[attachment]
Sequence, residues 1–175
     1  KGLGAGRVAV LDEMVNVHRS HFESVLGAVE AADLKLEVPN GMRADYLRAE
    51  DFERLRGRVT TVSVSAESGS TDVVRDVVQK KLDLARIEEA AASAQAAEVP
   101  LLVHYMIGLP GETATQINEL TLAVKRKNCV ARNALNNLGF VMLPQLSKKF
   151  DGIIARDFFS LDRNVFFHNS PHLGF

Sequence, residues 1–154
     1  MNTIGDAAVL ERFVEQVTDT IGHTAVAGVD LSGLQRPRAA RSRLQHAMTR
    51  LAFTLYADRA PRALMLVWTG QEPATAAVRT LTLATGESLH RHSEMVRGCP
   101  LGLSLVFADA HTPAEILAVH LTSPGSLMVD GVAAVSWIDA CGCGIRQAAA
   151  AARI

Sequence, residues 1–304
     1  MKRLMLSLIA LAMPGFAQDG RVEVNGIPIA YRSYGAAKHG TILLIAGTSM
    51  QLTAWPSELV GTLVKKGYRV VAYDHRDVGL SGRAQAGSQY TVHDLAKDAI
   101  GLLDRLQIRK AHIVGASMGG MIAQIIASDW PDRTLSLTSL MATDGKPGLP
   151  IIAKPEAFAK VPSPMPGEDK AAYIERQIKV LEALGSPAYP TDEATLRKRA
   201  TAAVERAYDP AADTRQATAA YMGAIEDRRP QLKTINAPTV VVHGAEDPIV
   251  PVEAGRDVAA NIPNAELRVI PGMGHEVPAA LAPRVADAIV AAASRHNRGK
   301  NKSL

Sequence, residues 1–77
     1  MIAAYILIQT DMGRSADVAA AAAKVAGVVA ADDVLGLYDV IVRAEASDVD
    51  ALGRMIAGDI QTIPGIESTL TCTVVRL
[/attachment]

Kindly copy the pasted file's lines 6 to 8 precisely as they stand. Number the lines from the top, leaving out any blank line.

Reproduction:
Sequence, residues 1–154
     1  MNTIGDAAVL ERFVEQVTDT IGHTAVAGVD LSGLQRPRAA RSRLQHAMTR
    51  LAFTLYADRA PRALMLVWTG QEPATAAVRT LTLATGESLH RHSEMVRGCP